The Part of Technology in the Lives of Dementia Patients
Technological development helps keep dementia patients independent and self-reliant for longer. Gavin Bashar, managing director, Tunstall healthcare UK, discusses the critical role of medical warning systems. Activity monitoring and health monitoring in improving care and maintaining the health and well-being of dementia patients.
Some 850,000 people with dementia live in the UK, and the number expectation is to increase to 1.6 million by 2040 due to an ageing population. It may be challenging to care for someone with dementia, so how did the situation worsen during the corona pandemic more.
With an understanding of more different forms of dementia, technology can make a significant and positive alteration in the lives of dementia patients, and health and social care systems can effectively support their needs.
Why Technology for Dementia Patients?
Technologies such as medical alert systems, remote communications and telemetry care provide an excellent opportunity to recover the quality of life of dementia patients. If properly deployed, technology helps vulnerable individuals stay independent, secure, and socially engaged with friends, family, and the community. Dementia patients can also use technology to secure more effective options.
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With the benefits of technology, it cannot be relied upon as an alternative to human interaction. As a result, the user may feel lonely and isolated. The benefits of medical alert systems are not only for dementia patients but also for caregivers. When providing remote care, caregivers can improve their relationships with patients. Provide opportunities for activities outside their homes and ensure that the patient is safe and comfortable.
To achieve the benefits of technology in the complete care of dementia patients, it must be provided promptly and tailored to the specific needs of each individual, ensuring appropriate support early on that enables users to continue to live in an environment of their choice for as long as possible with dignity and independence.
The range of technology available is continually growing to make early diagnosis essential so that appropriate systems can be developed to provide insight into behavioural patterns and enable effective care planning.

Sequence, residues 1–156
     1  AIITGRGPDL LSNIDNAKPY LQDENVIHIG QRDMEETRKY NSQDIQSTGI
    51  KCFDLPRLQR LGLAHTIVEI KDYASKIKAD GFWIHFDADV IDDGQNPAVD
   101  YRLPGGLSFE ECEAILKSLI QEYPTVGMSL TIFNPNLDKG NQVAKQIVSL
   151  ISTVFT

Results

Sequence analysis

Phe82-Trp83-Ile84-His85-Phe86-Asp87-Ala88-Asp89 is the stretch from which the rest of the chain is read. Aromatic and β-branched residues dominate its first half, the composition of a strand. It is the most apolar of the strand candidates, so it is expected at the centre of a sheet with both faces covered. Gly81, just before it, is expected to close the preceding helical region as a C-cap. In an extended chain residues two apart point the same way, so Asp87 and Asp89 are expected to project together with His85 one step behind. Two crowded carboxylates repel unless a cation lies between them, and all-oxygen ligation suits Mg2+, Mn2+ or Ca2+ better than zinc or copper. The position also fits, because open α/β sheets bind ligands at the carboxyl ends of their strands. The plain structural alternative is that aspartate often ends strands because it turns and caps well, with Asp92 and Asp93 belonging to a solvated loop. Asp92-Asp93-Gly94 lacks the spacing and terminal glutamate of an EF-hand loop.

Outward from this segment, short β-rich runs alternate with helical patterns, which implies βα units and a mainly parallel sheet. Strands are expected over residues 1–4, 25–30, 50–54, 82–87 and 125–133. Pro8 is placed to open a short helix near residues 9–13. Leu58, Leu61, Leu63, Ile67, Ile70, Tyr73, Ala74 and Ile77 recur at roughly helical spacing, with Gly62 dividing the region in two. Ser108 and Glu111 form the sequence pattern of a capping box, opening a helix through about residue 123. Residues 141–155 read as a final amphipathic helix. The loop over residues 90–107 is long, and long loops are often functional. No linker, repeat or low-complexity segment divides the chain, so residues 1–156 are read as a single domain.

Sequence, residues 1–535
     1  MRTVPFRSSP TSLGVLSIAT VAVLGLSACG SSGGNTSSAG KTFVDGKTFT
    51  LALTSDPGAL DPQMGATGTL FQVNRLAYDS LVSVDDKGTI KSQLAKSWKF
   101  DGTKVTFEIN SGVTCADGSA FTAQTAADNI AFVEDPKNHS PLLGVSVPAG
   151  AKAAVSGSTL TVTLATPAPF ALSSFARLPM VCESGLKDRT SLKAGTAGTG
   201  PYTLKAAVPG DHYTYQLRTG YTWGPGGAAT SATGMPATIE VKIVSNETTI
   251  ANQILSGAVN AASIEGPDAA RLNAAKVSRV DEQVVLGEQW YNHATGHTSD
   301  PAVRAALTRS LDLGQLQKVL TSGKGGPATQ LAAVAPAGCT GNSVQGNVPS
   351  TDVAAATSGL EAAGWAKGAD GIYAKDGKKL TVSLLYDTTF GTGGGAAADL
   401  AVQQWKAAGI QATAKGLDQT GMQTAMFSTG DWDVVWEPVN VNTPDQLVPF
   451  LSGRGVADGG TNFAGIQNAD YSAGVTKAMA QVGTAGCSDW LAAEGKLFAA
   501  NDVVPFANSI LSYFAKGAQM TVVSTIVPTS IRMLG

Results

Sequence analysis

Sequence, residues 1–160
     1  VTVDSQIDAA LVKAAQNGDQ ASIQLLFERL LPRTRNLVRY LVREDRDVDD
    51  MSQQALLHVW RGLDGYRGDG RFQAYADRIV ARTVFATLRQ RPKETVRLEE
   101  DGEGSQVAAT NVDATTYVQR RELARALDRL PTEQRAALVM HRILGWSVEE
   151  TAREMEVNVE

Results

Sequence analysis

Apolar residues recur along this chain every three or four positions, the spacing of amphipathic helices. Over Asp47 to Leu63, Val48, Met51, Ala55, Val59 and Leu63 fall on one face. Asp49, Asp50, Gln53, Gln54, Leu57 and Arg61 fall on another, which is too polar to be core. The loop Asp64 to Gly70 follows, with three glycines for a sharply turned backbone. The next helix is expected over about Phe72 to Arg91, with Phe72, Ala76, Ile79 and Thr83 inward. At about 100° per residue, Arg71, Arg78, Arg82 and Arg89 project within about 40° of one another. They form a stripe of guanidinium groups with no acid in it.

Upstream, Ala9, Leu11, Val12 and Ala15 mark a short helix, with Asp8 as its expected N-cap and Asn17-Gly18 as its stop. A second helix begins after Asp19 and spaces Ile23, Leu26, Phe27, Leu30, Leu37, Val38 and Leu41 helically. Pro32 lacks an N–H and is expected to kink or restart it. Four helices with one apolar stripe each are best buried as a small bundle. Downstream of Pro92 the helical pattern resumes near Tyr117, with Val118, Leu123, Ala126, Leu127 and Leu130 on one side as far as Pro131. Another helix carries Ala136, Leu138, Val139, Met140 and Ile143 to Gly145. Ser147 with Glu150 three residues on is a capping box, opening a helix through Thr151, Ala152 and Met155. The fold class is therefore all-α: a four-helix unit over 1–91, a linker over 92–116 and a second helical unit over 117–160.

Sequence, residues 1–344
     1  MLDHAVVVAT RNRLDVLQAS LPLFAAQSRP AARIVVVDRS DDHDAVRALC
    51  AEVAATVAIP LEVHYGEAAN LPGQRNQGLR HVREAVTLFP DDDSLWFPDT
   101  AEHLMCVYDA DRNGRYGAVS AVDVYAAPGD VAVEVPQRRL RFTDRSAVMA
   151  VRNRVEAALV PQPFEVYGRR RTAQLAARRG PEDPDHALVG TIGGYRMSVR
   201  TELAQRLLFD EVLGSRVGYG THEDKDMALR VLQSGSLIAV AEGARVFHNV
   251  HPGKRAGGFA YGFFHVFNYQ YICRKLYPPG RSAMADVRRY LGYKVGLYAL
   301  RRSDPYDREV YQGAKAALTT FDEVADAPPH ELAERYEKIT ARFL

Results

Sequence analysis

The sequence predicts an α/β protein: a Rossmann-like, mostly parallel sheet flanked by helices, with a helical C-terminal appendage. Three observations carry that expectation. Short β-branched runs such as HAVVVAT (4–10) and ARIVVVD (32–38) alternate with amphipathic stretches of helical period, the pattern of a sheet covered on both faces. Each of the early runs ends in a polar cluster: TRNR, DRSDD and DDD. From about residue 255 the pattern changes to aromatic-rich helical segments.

The Role of Technology in Providing Care
Technology plays a vital role in refining the quality of care, increasing the capacity of critical services and providing flexibility in the way care is delivered. Making care for dementia patients more proactive and predictive and helping to address current and future challenges.
In addition, given the impact of increasing population age and increasing the number of people with dementia. Technology will provide more effective oversight so that people at risk live independently of home care for as long as possible.
Vulnerable people can seek emergency assistance from a group of specialists 24 hours a day. In addition to the possibility of making advance calls to service users, verifying their well-being, advising them and supporting caregivers.
Assistive technology provides advanced remote monitoring and proactive care planning, ensuring care when needed. Separate monitoring can also identify activity at home over time. Detect any lack of well-being at an early stage and allow for intervention that may reduce or delay the need for careful care.
In addition, remote monitoring can give an early indicator of vital signs and symptoms of deteriorating health. Allowing doctors to view data through an online portal to identify individuals most in need of intervention.
Technology in Practice for Dementia Patients
Organizations across the UK are working to help support individuals with a wide range of needs using technology. For example, Hertfordshire telecare supports around 4,000 people to lead a more independent life. Many of whom have dementia.
One of the patients, we’ll call norman for his privacy. He suffers from vascular dementia and lives alone. With his daughter living nearby. Technology helps him stay safe at home and provides reassurance to his daughter. For example, if a water leak, fire or carbon monoxide is detected in a norman’s home. Remote sensors automatically issue a 24-hour alarm to the control centre.
Norman also has a GPS tracker, allowing his daughter to locate him if he leaves the house and enabling her quickly to find norman. Bring him home and avoid risk. It also means that norman can stay at home instead of entering residential care to ensure his safety.